Sister Beatrice Carvalho, MM

Born: June 22, 1924
Entered: September 6, 1944
Died: January 10, 2021

In the last few years, Sister Bea could be found each morning sitting by her desk, facing the wall where a large crucifix hangs. There was no question that it was her prayer time and space, into which someone would be graciously welcomed; no one left without receiving an intentional “thank you”.  How much of her life was gathered in those times with God?  God gathered Sister Beatrice Carvalho into eternal love as she died in Maryknoll Sisters Residential Care early on the morning of January 10, 2021.  She was a Maryknoll Sister for 76 years.

Beatrice Dorothy Carvalho was born in Hawi, Hawaii (on the Big Island) on June 22, 1924. In the late 20’s the family moved to Wailuku, Maui. Her mother, Margret Silva, was Hawaiian born of Portuguese descent; her father, Eugene Carvalho was from Puerto Rico. Beatrice had three sisters: Elaine, Evangeline, and Mary and four brothers: Albert, Frank, Manuel and John.  They were members of St. Anthony Parish, Wailuku, Maui.

Beatrice attended St. Anthony Grade School and High School in Wailuku, where Maryknoll Sisters taught. She graduated from high school in 1942.

It was in her freshman year of high school that Beatrice became interested in becoming a missionary. She read what she could of missionary work and felt drawn to work with the poor. In her application to Maryknoll Sisters, she noted the ‘lovely spirit of the sisters’ yet remained open to responding to God’s invitation however it would unfold. Since Beatrice met Mother Mary Joseph during one of Mother’s visits to Hawaii, the communication between Beatrice and Mother regarding Beatrice’s applying to Maryknoll Sisters had a tender familiarity. Beatrice was accepted to enter Maryknoll Sisters in 1944.  Because of concerns in the midst of WWII, and to earn funds for her passage from Hawaii, Beatrice worked in a war-related job for two years.

Beatrice entered Maryknoll in New York on September 6, 1944. At Reception into the novitiate in March of 1945, she was given the name Sister Rose Damien.  In 1947 sister made her first vows as a Maryknoll Sister and her final vows in 1950; both celebrations of profession were at the Motherhouse in New York.

Also in 1950 Sister Rose Damien graduated from Maryknoll Teachers College, Maryknoll, NY with a Bachelor’s Degree in Education and received her first mission assignment to Central America, setting out for about 30 years of generous service between Nicaragua, Panama and Mexico.

Sister’s first placement was in Siuna, Nicaragua where she taught 1st grade for three years in a Maryknoll School. Her transition to Panama began in 1954 when she taught catechetics to patients in a Leprosy Hospital in Ancon, Panama and on a military base. The following year, Sisters Beatrice and Margaret Good opened a new Maryknoll Sisters house in Puerto Armuelles, Panama. Sister Beatrice became the Director of Colegio de San Antonio, a secondary school.  She also served as Regional Superior for six of her years in Panama.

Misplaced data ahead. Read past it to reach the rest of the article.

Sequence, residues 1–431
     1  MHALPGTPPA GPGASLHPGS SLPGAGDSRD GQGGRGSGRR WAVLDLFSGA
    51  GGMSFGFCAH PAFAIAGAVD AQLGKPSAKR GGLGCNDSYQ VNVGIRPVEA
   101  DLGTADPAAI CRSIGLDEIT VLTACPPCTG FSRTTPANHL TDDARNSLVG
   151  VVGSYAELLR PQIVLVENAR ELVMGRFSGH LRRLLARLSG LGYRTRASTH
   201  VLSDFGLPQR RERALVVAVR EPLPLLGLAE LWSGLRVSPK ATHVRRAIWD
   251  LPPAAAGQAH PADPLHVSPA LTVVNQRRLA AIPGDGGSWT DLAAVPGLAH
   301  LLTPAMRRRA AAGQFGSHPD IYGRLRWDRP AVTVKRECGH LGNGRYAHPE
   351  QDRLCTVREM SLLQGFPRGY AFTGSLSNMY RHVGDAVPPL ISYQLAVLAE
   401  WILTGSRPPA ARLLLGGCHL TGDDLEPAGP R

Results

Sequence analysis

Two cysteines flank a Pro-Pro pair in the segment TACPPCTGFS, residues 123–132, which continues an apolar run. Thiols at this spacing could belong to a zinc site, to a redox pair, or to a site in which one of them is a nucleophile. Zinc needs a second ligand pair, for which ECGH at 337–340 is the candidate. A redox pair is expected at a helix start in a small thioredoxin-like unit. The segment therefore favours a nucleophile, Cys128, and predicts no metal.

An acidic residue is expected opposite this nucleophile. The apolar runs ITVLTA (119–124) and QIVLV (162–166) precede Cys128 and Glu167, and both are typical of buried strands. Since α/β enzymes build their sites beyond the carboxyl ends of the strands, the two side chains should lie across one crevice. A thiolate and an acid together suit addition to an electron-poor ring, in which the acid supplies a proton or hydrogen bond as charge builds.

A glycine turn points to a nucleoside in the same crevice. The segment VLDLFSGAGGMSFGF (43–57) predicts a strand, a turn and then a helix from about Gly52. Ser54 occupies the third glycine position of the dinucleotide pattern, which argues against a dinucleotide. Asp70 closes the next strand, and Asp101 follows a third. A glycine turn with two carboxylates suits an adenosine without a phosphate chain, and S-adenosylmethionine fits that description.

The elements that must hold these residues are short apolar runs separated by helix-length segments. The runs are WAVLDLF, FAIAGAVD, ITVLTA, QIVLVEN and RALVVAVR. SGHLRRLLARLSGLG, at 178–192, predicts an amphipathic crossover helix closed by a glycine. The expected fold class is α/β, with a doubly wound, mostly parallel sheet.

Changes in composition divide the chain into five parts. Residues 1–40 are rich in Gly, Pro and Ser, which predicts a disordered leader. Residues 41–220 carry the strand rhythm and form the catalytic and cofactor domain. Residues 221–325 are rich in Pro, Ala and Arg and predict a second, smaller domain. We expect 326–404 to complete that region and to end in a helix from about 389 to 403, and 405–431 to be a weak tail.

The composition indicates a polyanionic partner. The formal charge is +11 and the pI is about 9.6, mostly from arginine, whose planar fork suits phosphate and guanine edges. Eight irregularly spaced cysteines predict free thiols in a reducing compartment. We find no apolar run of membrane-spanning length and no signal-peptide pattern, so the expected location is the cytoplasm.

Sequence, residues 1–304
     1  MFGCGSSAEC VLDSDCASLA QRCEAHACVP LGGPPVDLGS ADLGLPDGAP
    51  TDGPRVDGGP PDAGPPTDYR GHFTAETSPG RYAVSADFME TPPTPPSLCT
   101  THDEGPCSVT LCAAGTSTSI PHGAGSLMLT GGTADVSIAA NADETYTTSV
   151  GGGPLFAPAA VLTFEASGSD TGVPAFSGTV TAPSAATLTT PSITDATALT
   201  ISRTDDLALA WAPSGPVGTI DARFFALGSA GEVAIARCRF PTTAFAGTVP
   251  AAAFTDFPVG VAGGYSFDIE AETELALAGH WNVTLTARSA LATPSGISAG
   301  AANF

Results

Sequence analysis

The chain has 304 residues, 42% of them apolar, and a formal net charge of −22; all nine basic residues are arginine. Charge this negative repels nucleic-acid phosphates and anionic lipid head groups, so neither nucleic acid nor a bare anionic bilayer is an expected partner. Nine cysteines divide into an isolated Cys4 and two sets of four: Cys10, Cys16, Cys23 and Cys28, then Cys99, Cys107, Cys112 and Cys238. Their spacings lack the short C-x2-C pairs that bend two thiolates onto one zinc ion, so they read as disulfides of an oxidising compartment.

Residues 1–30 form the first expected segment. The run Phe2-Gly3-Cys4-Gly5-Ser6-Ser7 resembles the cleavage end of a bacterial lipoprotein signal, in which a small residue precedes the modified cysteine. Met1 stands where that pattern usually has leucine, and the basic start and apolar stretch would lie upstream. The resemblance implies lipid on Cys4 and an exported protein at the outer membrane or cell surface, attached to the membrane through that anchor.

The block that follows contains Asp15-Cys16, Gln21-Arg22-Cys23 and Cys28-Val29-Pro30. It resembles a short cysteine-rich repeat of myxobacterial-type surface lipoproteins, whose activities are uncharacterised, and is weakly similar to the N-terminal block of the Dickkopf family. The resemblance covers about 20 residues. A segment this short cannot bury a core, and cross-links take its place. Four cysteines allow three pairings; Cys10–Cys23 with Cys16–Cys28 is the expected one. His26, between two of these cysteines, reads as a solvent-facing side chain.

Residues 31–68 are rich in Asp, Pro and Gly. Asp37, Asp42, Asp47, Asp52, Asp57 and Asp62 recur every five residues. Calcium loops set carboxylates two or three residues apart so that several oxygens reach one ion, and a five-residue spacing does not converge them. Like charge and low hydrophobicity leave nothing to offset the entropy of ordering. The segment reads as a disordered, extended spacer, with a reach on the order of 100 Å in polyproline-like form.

After a renewal period at the Maryknoll Center in New York, Sister Beatrice continued on to yet another country, this time to Mexico. Beginning in 1961 and for the next six years, Sister Beatrice was principal at Helena Herlihy Hall, a primary and high school for girls in Mexico City. The following four years, from 1967-1971, were in Puebla, Mexico where she taught English in a Jesuit primary and high school.

In 1971, Sister Beatrice asked for a temporary return to Hawaii when her mother became ill. After a year, she was assigned to the Central Pacific Region. Sister Beatrice returned to her alma mater, St. Anthony School in Wailuku, Maui as a teacher of Spanish, English and Religion, a class counselor and chair of the school’s guidance department.  For three of her years in the Central Pacific Region, Sister Beatrice was a member of the Maryknoll Sisters Regional Governance Board.

From 1980-1985, Sister Beatrice returned to the Motherhouse in NY to work in the Treasury Department for two years and then as a member of the Center Council for the following three years.

In 1986, Sister Beatrice returned again to Central America, this time for fifteen years of ministry in Guatemala.  Sister Beatrice, along with other church ministers, addressed basic living needs and pastoral care of the residents in Mezquital, a squatters’ area of more than 5,000 people in the outskirts of Guatemala City. Many of the people were left homeless by an earthquake in 1976. Sister Beatrice used her educational background to help establish fifteen catechetical programs for public school youth as well as providing sacramental programs in the developing parishes.

From 2001 to 2005, her new mission of accompaniment was in Chicago. With her great flexibility, generosity and love for Maryknoll, Sisters Beatrice accepted the Congregational Service position as Co-director of the Orientation Program for new candidates to Maryknoll Sisters.

Beatrice moved into retirement to Monrovia, CA in 2006. In 2012 she returned again to Maryknoll, NY where more options for assisted living and health care were available. Both in Monrovia and in New York, Sister Beatrice maintained her connection with the Central American countries through many personal contacts and her Ministry of Prayer assignment for the people and needs of Central America.

Bea’s story telling of mission experiences were always with her radiant smile, deep joy, great gratitude, and always expressive of experiences of God in all.  As her very name implies, Sister Beatrice has been a blessing with her even disposition, peaceful quietness of soul, and lovely aloha hospitality.